New Chapter For FLSU
News - date posted 11.05.12
The Free Legal Services Unit of the Faculty of Advocates (FLSU) has launched a new chapter in its role of providing help in deserving cases in which justice would otherwise be denied.
Over the past decade the FLSU has intervened to provide pro bono advice in a growing number of cases which have benefited the lives of individuals and local communities.
Some of the recent issues that have been referred to the FLSU suggest that its work is becoming increasingly important in a wide variety of cases that have real merit but where there is no other means of obtaining legal assistance.
- The unit helped a Glasgow care home employee win his racial discrimination action after nine years by cutting through what the Court of Session described as a case of "grotesque length and complexity."
Lord Reed described the willingness of counsel and solicitors to provide their services free as reflecting the best traditions of the legal profession.
- The FLSU provided an important opinion for the Scottish Young Lawyers' Association over the legal status of the traineeship contract and whether trainee lawyers could be made redundant.
- As a result of a judicial review supported by the FLSU, Edinburgh Council was forced to carry out a proper assessment of the impact on residents of closing the historic Craigmillar Community Centre which has retained its role as a valuable resource for the local community
- Capability Scotland turned to the pro bono unit for help with its Barred! Campaign aimed at highlighting the physical access barriers which prevent disabled people from enjoying a full and active social life in clubs and pubs.
The unit provided free legal advice to pave the way for an amendment to the Criminal Justice and Licensing (Scotland) Bill which will create an obligation on licensees to provide a statement of accessibility as part of their licensing plans.
- In a case referred by Planning Aid, residents in the historic Fife town of Falkland enlisted the help of the FLSU to combat the threat of the complete demolition of a 200-year-old wall.
- The unit also helped a blind litigant in case where a tribunal agreed that an earlier hearing had failed properly to take her blindness into account in reaching its decision.
Now, the FLSU is being merged with the Free Representation Unit, (FRU) which until now has provided free legal advice by devils (trainee advocates). The aim is to provide an even more effective service for people who are seeking access to justice but don't have access to legal aid.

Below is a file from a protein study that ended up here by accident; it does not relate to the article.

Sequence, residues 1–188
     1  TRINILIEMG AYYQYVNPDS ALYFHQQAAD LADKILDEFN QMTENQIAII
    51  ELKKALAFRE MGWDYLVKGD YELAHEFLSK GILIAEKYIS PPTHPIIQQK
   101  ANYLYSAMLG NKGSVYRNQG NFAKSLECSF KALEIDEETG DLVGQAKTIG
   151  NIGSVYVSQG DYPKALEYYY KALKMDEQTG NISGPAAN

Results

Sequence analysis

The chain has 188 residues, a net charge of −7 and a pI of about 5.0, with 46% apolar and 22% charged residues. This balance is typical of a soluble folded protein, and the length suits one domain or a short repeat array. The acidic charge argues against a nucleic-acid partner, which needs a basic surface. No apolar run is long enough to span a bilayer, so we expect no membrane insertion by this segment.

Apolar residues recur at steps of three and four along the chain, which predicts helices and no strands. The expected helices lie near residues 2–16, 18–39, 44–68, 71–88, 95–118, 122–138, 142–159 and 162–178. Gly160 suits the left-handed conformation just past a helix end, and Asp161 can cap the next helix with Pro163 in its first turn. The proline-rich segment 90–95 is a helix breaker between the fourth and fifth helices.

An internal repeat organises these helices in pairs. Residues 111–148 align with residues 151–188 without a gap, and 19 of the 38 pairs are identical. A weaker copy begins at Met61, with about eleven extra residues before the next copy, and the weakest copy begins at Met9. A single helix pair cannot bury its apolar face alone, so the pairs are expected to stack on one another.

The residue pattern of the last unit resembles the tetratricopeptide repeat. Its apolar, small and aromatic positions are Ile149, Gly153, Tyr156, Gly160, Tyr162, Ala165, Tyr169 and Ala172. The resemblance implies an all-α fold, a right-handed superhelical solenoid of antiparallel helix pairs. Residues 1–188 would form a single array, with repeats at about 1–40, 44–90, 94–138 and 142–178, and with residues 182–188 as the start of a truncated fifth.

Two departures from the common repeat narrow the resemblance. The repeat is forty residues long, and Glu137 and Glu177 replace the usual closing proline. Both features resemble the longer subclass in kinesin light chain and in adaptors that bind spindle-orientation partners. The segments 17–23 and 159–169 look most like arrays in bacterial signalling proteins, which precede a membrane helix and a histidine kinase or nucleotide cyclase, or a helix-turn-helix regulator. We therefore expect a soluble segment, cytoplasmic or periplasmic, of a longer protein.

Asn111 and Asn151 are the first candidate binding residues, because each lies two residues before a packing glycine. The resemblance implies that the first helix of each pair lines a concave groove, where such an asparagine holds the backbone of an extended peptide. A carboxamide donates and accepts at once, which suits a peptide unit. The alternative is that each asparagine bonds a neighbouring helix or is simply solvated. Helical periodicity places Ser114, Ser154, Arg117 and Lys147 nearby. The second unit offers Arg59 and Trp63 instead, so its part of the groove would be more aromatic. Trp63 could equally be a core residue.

The merger has been driven by the desire to simplify and streamline the case-sifting process while making it more efficient and effective in matching the expertise of individual advocates to cases.
Mungo Bovey QC, Convenor of the Free Legal Services Unit, said: "I am very pleased that the Bar's pro bono work continues to develop so strongly and to offer support to a wide range of individuals."
Pro bono work is nothing new to advocates. They have always accepted it as part of their public duty to represent without payment those who cannot otherwise afford to vindicate their rights.
An Act of 1424 authorised the Scottish courts to provide an advocate in civil case for "onie pure creature, for faulte of cunning, or expenses, that cannot, nor may not follow his cause."
In Scotland legal aid was not available in civil cases until 1950 and in criminal cases not until 1964. In some murder cases the death penalty was still available and a QC and junior would be appointed from the Bar from the Poor Roll to provide free representation for an accused.
The FLSU is a modern manifestation of the Faculty's pro bono commitment and can be regarded as an additional safety net but not a substitute for a system of properly funded legal aid.
The FLSU will have a panel of more than 70 volunteer Queen's Counsel, advocates and devils from the practising Bar who can provide up to three days of free legal advice in all areas of law both criminal and civil, including representation in any court and tribunal in Scotland.
The help which members of Faculty provide includes written advice, advice in consultation and the provision of a mediator, as well as representation in courts and tribunals with the unit aiming to ensure that the pro bono work is carried out to the same high standard as if the case were funded.
Cases are referred to the FLSU through more 20 advice agencies including Citizen's Advice Scotland, Shelter, the Ethnic Minorities Law Centre, the Scottish Child Law Centre and the Drumchapel Law and Money Advice Centre.
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